Project: Multi-Metal, Multi-Coloured Leaf Pendant by Kim Morris

Leaves3aUsing a rainbow of metals, Australian Kim Morris uses Aussie Metal Clay created by  Roslyn Bailey to create pendants with multi-coloured leaves.

Firing schedule: FiringSchedule Medium Fire
FiringScheduleHIGH FIRE

Project Materials and Supplies

Materials:
Packs of SuperFlex Clay in colours of your choice – in this project I used the 7 Medium Fire Aussie Metal Clay Colours

Tool List:
There are a selection of tools you will need to complete this project. I’m sure you will have most of them but if not these specific tools you may have some that will do the same job.
water brush/ water pen – I use one for each colour so that the colours are not contaminated one from another
thickness slats or similar
pair small sharp scissors
rubber or silicon pointed tool
roller
craft knife
ball tool
tweezers
sanding pads of various grits, or sandpaper
sanding tools such as files
water spray bottle

Project Step-By-Step

Step 1

You will need to roll out 1 sheet of each colour in Aussie Metal Clay SuperFlex you would like in your final piece. Roll
the sheet 4 cards thick. In this tutorial I used 7 colours. Roll out an additional sheet of Ruby Bronze for the backing for the
Pendant. When you roll out the sheets the best tip I can give you is make sure you label the sheets as you go, as it can be
difficult to tell them apart later if you forget this important step. Check the size of the sheets with a pair of callipers this will
give you an indication that you have each sheet the same thickness – 4 cards thick should be approx 1mm thick. Each sheet
should at minimum measure approx 1″ x 2″ (approx 2.5cm x 5cm) for the curve pieces and the backing should be 2″x 4″ (Approx 5cm x 10cm)

Step 2

Set out the colours as you would like them to sit in the final piece. In this tutorial I used the colours in the following order – Left to right for the curves: Ruby Bronze – Antarctic Moonlight – Desert Sun – Antarctic Sand – Ironbark – Gold Bronze – Gumnut.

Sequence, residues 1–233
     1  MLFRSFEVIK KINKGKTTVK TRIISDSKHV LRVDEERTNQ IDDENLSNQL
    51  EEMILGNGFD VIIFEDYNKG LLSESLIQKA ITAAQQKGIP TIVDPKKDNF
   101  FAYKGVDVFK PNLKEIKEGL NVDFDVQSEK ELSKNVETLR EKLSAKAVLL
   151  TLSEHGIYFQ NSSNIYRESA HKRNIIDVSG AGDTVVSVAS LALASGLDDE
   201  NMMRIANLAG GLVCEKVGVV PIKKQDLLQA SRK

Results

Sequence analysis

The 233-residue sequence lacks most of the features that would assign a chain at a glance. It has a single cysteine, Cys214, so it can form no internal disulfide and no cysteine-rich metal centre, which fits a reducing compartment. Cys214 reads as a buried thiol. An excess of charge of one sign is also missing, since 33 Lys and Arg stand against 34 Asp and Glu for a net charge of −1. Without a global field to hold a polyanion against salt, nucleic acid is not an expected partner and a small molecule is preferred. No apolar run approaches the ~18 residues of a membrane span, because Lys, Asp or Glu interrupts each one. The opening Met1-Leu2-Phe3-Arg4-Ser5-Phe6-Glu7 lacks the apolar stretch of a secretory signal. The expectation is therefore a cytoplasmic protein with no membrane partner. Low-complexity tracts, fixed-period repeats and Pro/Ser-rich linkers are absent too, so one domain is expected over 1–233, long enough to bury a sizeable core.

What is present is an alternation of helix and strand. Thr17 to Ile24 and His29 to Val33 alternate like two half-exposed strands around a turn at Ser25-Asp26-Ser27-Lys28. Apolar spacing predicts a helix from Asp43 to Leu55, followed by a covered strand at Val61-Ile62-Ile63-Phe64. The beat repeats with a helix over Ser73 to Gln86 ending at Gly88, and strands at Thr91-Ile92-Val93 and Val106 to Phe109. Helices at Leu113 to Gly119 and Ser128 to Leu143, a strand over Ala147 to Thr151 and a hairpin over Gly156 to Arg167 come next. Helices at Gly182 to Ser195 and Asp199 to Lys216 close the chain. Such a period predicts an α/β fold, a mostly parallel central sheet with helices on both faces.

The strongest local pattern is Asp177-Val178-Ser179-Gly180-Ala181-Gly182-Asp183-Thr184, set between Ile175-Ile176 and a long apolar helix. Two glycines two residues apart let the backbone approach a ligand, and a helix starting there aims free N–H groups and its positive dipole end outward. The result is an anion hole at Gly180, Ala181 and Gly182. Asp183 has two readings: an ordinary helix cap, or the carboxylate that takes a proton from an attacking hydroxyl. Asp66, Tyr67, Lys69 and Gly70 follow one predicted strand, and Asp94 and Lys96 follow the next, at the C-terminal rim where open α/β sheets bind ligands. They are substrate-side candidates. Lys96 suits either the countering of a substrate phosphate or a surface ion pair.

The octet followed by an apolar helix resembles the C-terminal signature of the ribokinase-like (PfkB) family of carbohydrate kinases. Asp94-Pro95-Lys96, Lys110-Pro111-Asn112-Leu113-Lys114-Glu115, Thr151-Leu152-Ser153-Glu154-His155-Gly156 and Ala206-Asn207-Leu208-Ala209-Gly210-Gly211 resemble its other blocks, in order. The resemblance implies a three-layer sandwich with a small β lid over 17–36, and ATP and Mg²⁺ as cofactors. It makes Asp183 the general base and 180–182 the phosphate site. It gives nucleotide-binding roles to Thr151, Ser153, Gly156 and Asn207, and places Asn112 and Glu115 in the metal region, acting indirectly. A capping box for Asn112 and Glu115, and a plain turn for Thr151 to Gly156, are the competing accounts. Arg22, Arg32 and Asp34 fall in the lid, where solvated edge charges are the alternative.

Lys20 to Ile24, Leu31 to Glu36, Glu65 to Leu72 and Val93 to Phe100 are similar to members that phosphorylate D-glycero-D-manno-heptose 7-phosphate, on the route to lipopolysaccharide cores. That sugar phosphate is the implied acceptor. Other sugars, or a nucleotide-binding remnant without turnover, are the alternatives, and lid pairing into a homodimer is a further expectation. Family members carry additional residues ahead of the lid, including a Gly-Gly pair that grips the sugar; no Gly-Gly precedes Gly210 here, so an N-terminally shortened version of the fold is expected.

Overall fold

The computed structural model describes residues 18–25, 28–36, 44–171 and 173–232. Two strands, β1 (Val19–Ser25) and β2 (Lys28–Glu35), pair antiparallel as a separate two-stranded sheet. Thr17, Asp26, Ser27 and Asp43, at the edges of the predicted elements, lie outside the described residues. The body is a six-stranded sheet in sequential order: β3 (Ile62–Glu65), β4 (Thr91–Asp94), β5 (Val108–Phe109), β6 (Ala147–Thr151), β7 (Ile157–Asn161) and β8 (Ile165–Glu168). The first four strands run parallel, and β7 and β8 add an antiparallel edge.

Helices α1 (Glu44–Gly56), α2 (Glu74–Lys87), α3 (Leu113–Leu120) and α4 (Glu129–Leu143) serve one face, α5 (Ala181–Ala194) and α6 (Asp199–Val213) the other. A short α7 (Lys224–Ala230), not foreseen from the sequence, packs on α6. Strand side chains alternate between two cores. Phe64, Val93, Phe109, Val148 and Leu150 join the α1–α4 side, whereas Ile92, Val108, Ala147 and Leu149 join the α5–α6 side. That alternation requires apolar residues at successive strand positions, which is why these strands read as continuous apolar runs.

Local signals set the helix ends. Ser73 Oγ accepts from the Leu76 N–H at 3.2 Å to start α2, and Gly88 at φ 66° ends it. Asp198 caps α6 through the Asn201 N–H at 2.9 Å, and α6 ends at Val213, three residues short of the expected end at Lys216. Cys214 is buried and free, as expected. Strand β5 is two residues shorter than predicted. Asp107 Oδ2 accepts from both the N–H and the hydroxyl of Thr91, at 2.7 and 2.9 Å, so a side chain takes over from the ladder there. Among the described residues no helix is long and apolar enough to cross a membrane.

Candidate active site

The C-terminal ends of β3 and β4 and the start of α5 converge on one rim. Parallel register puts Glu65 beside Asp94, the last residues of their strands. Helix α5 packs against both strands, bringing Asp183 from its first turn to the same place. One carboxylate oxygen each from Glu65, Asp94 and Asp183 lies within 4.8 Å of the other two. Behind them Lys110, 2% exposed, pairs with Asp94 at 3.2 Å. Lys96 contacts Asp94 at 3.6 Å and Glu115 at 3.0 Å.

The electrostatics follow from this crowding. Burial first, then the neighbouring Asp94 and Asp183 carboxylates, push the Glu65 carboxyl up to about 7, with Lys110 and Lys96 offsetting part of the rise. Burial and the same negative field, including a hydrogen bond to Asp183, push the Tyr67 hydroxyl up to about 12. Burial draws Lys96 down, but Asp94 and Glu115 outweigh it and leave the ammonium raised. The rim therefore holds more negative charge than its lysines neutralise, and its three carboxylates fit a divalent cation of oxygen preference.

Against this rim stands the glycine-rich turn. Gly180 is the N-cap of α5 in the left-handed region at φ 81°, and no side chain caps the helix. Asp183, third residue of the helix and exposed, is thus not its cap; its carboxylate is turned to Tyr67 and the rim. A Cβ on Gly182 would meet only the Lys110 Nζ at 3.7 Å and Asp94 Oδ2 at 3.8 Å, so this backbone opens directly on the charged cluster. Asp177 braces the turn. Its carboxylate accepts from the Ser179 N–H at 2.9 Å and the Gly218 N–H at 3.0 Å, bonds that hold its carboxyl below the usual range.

I chose this order of colours so that I could have a good differentiation of colours. Choose the order of colours you will like to use for the balls beside the curves. You will need up to 10 small balls in each colour 2 to each size. The order I chose for the ball from left to right is: Antarctic Sand – Ironbark – Gold Bronze – Gumnut – Ruby Bronze – Antarctic Moonlight – Desert Sun – Antarctic Sand

Step 3

Draw up the design from the template on the coloured sheets you made. One on each colour and label the colour on
the piece. Once all drawn up and labelled you can cut them out using your small sharp scissors or a craft knife. Cut from the
middle to the outside then turn around and cut from the middle towards the other outside edge, do this on both sides this
will help to avoid the piece from fracturing.

Step 4

Take the sheet you made for the backing of the pendant/brooch. Space out the curves in order of placement above as
shown in the picture so that you are happy with the colour arrangement. You will notice in the picture that I have sat the
backing piece inside my 4 card thickness this is to stop the balls from rolling off onto the floor when I start putting the balls
into position.

Now we are ready to start placing the balls and curves together. To do this I simply use water on my water brush/water pen
other people will use paste. You can do it either way. I moisten down the area on the backing where the first colour will go –
if you are following my colour arrangement then this will be the ruby curve piece. This piece can start close to the left hand
side of the backing sheet, just leaving enough room to place the first ball before it. I wet down the backing where the piece
will go and then I wet the underside of the ruby curve. allow the water a couple of seconds to penetrate into the dry clay
then place the Ruby curve in place on the backing. I manoeuvre the piece back and forth a little to remove any air that may
become trapped underneath the curve and you will feel the curve piece attach to the backing sheet. You will need to hold
the Ruby curve in place for a few second to allow it a chance to attach well.

It is time to begin to place the balls in position. Antarctic Sand is the first colour of the balls I will need and this first ball gets
placed on the left hand side of the Ruby Curve as shown on the picture below. To place the balls you will need to wet down